Quite spectacular views across the valley - and quite a long drop if you look down

Look-out from Maiji Shan rock face

 

Tianshui is recognised as the first proper way-station on the Silk Road.  It’s about 400km from Xi’an and still bears the atmosphere of a busy trading entrepôt.  However, up in the hills to the south-east of the city is a remarkable site called Maiji Shan – which means the Wheat Loaf Mountain – evidently so-called because it does bear a remarkable resemblance to a loaf of bread.  But this place has been one of the handful of Buddhist retreats par excellence dotted throughout China.  Whilst contemplating the mysteries of existence, visiting Buddhists seem to have whiled away the time creating an amazing array of sculpture and artwork, spanning well over 2,000 years – from the period of the Qin dynasty around the 2nd century BC all the way up to the Qing dynasty of the early 20th century.  This artwork was done by hollowing out little grottoes in the soft rock of the cliff-face on Maiji Shan, and out of the grottoes carving hundreds and hundreds of statues and representations of the Buddha and his attending Bodhisattvas.  The styles and artistic expressions change with each dynastic period, but all stay faithful to this basic theme.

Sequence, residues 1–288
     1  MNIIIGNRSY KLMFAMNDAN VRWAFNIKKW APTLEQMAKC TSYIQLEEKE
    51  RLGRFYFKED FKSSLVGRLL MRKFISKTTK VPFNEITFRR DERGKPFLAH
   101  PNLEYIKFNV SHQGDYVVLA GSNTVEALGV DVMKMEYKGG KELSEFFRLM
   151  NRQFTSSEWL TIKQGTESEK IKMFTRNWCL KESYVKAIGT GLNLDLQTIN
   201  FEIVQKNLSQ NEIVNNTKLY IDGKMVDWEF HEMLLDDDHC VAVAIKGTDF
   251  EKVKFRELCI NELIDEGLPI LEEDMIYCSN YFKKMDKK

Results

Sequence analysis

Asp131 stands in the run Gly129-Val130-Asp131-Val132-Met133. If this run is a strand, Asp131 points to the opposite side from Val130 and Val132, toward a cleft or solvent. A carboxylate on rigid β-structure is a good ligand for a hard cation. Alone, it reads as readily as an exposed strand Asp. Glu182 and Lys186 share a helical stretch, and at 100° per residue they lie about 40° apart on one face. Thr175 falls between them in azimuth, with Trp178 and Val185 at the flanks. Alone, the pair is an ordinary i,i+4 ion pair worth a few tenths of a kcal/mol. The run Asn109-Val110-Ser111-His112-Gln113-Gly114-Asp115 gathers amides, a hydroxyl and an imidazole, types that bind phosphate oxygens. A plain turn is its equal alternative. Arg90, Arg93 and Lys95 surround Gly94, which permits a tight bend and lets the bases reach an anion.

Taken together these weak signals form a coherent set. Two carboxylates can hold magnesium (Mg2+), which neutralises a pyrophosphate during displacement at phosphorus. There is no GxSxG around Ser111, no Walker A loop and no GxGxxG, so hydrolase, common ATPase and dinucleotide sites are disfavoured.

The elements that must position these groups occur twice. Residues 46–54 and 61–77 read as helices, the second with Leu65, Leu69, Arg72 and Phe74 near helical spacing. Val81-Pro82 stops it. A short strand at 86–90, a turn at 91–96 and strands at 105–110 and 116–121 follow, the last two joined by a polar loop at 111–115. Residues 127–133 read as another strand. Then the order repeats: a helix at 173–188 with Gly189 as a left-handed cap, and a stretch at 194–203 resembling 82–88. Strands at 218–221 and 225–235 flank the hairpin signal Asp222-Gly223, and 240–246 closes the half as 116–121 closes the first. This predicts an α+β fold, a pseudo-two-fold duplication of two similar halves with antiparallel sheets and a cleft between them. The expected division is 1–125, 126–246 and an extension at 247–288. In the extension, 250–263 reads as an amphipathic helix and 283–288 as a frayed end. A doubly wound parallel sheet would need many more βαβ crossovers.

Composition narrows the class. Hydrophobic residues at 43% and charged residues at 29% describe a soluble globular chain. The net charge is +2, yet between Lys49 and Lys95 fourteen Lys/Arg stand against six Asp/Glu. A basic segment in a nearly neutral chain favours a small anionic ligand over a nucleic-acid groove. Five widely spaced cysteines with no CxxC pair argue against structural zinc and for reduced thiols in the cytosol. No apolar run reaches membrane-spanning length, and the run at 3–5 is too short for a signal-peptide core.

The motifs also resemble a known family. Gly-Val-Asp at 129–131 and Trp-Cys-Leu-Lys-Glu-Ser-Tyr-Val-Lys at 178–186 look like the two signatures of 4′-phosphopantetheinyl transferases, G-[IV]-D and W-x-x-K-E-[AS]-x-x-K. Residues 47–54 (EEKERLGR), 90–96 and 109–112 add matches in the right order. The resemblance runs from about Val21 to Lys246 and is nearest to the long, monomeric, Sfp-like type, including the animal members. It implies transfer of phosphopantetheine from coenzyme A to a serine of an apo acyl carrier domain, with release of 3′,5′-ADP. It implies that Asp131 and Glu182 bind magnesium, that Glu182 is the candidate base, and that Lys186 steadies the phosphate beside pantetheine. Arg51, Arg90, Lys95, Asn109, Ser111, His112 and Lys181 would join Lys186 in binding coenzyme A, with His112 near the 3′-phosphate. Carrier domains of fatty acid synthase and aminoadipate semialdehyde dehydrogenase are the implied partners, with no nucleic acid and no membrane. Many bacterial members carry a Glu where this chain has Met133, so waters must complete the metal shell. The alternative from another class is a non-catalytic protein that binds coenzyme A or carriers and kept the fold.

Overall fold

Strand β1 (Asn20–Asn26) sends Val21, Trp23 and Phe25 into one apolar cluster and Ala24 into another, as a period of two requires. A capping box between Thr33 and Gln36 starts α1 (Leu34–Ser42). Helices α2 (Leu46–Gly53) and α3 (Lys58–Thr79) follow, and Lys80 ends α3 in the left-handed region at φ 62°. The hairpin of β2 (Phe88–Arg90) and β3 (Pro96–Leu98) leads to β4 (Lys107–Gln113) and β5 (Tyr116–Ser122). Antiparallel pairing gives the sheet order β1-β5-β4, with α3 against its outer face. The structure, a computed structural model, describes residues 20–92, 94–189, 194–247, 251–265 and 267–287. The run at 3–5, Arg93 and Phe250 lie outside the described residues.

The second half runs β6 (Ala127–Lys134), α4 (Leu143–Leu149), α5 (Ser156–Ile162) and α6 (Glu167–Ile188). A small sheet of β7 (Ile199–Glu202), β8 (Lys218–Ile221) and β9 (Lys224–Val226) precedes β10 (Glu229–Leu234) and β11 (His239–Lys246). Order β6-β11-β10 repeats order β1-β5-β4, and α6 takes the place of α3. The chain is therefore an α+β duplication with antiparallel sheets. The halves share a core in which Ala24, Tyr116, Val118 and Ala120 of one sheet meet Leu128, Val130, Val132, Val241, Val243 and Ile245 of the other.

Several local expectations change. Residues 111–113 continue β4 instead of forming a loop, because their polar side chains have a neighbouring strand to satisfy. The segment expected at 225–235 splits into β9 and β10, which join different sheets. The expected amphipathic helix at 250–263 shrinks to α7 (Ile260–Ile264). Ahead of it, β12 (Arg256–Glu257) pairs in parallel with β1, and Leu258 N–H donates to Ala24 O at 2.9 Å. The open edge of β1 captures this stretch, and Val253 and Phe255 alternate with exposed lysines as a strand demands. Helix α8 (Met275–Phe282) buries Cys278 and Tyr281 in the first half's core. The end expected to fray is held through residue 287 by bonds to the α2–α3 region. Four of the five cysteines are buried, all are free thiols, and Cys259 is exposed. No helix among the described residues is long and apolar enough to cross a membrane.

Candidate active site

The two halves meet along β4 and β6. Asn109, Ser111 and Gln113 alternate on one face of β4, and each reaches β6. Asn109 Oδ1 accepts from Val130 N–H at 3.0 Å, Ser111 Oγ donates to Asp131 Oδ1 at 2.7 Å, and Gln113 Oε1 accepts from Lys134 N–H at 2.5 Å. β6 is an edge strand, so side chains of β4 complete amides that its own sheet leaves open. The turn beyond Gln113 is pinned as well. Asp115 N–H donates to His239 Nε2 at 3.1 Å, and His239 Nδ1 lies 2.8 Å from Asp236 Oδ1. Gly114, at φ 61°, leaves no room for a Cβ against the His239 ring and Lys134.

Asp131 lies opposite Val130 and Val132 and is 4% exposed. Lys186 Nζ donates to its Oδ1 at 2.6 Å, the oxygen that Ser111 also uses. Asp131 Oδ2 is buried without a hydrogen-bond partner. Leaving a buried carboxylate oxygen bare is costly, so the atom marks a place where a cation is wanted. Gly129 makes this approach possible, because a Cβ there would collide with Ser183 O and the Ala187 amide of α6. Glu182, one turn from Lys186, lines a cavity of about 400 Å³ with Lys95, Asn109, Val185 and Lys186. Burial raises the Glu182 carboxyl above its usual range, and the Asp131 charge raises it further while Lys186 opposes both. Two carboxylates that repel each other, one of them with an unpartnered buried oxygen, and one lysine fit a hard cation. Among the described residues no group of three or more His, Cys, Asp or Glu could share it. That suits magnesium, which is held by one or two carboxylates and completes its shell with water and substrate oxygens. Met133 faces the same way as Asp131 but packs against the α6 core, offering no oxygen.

Ready to thump you......

One of the more lively Buddhist statues adorning Maiji Shan

 

I took a bus out to see this, and it was well worth doing. 

 

Happily, despite mooning around this sight in a slightly wistful mood, things in my mind had begun to shift.  After a useful phone conversation with a friend in Xi’an, and an email exchange with another friend in England, I started to overcome the voices of discouragement that continued to chatter in my head. 

 

And that evening, I met up with the couple from the road – Tang Yun (the man) and Chen Ling (his wife) and their 13 year old daughter.  Despite some initial confusion at the start of the meal arising from Tang’s conviction that I was Brazilian and not English – not sure where he got that idea from – we managed to enjoy an entire evening of (more or less) “stimulating” conversation in Mandarin.  I found this to be very encouraging and – in my view – a positive vindication of the whole point of staying in Xi’an all that time after all.